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religious beliefs, church affairs, spirituality

Weekly Reflections: Women’s Theology

Our government authorities were greatly alarmed recently by what happened to a Filipina domestic helper named Joanna Demafelis in Kuwait. She was abused and brutally killed by her employers and her body was placed inside a freezer. This somehow led to the suspension of the deployment of Filipina domestic helpers in Kuwait by no less than President Duterte.

Weekly Reflections: Healing our land

We are living in a sick society. Our society’s illness is not just skin deep; it has seriously infected the very soul of our nation. Despite all our pious claims to be the only Christian nation in the Far East, we are considered to be the second most corrupt nation in Southeast Asia. Graft and corruption is like a cancer that is eating up the moral fiber of our nation. Indeed, our country has become “the sick man of Asia”.

Weekly Reflections: Spirit of EDSA

Pearl and I were among millions on Epifaño de los Santos Avenue (EDSA) during those four days of February 1986. We went there not to take pictures, but to take sides with our people who suffered so long and now determined to put an end to a well-entrenched Marcos Dictatorship. Today, however, the splendor that is EDSA seems to be over, leaving a bitter taste of betrayal.

Weekly Reflections: Power of God’s word

The celebration of National Bible Week this month of January is an affirmation of the power of God’s Word to renew life and transform society. Prophet Isaiah declared that whenever God’s Word is spoken we would never be the same again. We read in Isaiah 55:11 God saying, “My word that I speak will not fail to do what I plan for it; it will do everything I send it to do.”

Weekly Reflections: Praying for unity

In January of every year, the World Council of Churches (WCC) and the Vatican sponsor a worldwide celebration of a Week of Prayer for Christian unity. This activity is founded on a living hope that people on bended knees can be more loving and kind, more open-minded, compassionate, and considerate with one another and therefore they can unite more easily for a common good.

Weekly Reflections: Making images of God

January 9 is the Feast of the Black Nazarene. Year after year devotees from various places and from all walks of life flock to Quiapo Church to join in the celebration. They say this is their panata (vow) before God for the miraculous healing and other blessings they received. Since God answered their prayers and gave them what they wanted, they ought to fulfill their panata (vow) not only to thank God but in order to receive more blessings from God.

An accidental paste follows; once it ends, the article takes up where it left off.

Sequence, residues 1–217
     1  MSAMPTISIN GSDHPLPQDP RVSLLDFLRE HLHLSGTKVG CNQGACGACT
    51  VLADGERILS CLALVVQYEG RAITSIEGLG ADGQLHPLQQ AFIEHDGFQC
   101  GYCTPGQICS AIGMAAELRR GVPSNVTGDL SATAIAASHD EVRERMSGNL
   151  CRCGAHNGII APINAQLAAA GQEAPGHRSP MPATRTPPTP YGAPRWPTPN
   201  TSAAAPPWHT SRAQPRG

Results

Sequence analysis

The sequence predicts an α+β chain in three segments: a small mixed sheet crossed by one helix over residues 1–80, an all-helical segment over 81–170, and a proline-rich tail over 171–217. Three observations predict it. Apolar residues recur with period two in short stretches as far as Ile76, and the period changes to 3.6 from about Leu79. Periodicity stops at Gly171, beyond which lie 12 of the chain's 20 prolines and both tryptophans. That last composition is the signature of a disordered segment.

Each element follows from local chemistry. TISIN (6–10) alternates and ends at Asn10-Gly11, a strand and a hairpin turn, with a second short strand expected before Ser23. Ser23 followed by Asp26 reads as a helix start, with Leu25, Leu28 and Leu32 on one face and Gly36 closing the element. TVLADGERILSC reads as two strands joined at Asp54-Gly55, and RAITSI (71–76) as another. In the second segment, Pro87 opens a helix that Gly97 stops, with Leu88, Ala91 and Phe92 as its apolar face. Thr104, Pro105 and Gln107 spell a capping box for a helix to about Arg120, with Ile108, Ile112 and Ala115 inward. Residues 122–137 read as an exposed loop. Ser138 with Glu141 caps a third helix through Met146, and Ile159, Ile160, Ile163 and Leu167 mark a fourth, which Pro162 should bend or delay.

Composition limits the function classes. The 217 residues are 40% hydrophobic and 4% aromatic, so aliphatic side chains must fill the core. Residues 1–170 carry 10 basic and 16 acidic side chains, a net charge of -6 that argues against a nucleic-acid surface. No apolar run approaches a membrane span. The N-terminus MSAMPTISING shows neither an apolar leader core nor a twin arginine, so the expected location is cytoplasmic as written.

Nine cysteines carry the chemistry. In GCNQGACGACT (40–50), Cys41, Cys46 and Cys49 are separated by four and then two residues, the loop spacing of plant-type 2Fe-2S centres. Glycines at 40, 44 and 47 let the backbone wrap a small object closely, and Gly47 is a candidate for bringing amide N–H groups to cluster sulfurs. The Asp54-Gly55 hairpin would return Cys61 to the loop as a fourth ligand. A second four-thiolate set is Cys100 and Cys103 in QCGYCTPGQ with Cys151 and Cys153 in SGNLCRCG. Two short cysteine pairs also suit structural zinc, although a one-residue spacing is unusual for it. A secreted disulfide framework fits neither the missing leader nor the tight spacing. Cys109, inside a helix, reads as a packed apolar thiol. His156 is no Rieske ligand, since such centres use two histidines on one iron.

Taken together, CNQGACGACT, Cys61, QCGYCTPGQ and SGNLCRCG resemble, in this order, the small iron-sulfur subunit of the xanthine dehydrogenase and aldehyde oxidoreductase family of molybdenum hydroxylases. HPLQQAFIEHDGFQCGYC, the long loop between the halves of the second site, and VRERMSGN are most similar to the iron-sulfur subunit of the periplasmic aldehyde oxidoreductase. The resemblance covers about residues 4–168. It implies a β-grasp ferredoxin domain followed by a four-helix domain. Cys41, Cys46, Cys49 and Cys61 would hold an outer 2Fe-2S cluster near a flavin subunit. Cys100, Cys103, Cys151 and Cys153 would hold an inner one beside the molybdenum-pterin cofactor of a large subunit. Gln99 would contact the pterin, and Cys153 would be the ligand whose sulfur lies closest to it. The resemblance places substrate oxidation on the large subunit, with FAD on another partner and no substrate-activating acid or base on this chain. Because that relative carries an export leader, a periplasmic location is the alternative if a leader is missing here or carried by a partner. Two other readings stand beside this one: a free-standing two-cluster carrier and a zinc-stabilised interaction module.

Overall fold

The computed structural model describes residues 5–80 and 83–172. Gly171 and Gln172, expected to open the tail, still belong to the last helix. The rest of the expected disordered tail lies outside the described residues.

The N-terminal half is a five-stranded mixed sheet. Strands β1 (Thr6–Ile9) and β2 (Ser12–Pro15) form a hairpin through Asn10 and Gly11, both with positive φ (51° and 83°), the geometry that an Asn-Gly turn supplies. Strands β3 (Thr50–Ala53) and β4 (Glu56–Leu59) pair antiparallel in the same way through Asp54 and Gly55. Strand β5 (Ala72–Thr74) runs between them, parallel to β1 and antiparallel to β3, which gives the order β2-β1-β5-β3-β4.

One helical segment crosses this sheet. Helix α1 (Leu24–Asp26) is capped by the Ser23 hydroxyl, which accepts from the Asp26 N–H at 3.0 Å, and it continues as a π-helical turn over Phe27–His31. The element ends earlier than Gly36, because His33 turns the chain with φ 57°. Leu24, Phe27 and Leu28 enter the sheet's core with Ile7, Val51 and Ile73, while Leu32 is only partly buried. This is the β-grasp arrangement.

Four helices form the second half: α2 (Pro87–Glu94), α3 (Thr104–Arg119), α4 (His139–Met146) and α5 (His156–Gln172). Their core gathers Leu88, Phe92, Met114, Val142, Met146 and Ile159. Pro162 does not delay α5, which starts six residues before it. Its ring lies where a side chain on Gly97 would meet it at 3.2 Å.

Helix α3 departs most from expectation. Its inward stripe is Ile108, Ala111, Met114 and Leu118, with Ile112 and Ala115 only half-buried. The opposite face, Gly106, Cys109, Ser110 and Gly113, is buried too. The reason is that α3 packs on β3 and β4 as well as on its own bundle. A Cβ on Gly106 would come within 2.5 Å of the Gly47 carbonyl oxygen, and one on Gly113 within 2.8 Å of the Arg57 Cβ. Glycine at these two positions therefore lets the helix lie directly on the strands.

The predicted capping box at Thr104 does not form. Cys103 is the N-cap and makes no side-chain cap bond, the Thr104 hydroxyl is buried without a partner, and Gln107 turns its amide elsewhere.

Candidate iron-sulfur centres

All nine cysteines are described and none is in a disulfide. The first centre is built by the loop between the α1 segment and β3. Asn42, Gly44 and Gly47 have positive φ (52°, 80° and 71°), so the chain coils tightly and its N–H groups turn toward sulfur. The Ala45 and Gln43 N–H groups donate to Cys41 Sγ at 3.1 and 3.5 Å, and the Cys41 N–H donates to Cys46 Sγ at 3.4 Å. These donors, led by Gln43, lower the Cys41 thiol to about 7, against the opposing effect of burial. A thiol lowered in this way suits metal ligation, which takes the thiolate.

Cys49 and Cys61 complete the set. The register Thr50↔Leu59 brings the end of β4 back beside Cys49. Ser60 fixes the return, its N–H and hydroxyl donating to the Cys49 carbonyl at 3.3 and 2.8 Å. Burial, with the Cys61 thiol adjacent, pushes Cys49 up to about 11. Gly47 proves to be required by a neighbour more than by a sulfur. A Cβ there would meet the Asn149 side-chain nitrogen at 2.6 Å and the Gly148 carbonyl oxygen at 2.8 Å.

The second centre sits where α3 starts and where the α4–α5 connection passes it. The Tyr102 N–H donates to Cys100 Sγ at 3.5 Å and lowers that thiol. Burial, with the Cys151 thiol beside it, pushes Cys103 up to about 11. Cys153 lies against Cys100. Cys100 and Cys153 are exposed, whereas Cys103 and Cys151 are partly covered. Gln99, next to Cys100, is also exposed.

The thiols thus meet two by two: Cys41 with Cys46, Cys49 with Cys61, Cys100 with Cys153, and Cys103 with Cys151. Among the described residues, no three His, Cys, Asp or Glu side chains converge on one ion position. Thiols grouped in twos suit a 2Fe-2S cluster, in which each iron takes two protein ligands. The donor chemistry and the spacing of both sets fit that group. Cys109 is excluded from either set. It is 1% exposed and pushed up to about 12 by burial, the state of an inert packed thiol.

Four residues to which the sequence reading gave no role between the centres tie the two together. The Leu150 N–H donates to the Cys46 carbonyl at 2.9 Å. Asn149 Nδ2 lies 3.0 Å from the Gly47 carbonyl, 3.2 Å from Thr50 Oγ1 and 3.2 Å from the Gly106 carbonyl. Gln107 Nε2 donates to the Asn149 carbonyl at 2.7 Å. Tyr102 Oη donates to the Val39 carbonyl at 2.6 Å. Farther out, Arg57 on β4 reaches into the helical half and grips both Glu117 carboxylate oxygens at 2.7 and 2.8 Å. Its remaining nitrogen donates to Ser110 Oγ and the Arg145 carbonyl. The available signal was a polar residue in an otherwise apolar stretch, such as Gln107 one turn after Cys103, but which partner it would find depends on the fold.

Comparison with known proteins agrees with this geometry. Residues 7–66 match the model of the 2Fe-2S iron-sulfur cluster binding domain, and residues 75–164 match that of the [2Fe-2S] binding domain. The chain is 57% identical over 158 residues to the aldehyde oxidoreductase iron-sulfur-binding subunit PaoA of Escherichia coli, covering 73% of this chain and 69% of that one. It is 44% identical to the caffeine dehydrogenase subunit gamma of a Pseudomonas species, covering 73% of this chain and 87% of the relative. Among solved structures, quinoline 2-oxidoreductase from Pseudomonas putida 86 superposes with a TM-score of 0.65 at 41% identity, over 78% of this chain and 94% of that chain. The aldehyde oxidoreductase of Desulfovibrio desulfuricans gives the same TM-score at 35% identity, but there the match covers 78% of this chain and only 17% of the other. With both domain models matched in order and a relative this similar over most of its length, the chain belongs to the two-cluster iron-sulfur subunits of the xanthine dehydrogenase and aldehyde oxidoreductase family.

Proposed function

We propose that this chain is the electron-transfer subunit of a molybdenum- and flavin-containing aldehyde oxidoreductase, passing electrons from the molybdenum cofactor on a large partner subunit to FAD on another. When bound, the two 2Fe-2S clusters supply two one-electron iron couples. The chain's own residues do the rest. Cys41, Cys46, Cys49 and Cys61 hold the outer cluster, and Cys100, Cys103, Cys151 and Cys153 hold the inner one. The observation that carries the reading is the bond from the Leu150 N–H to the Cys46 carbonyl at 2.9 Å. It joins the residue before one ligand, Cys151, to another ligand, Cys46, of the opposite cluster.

Weekly Reflections: A Christmas and year-end message 2017

Year 2018 has come! Whenever another year comes, we always consider it a new year. And so, we greet each other, “Happy New Year!” But as we end one year after another it seems that the word new remains an unfulfilled dream. Things remain the same or even worse. The lives of ordinary people are not getting better, despite claims to the contrary. Prices of basic commodities are going up, while the value of human life is going down.

Weekly Reflections: A savior’s birth

The story of Jesus’ birth recorded in Matthew 1:18-25 is one of the most controversial texts in the Scriptures. But I do not intend to deal with its controversial aspects and much more its mystical elements. What I would like to stress in the writer’s assertion that Jesus’ birth and the things that happened surrounding his birth and growing years have something to do with his becoming the savior of his people.

Weekly Reflections: Christmas and social rejection

Of all the Gospel writers, Luke is apparently the most down-to-earth in terms of describing the events and narrating the whole story of Jesus’ birth (cf. Luke 2:1-21). It begins with the journey of a poor couple, Mary and Joseph, who, according to the Biblical records, were not officially married at that time. They were on their way to Bethlehem from their own hometown of Nazareth to fulfill an imperial decree that all people should register not for election purposes (election at that time were not necessary), but for taxation purposes.

Weekly Reflections: Freedom beyond death

November 30 is Bonifacio Day. It is a day to remember a man who offered his life in the pursuit of genuine freedom for our country and people. This man is no other than Andres Bonifacio, the Great Plebian, who was unfortunately betrayed by his own fellow Filipinos in the course of a shameful struggle for leadership in the revolutionary movement against the Spanish colonizers. Historians are saying that he was the first Asian to rise up against the tyranny of Western colonization.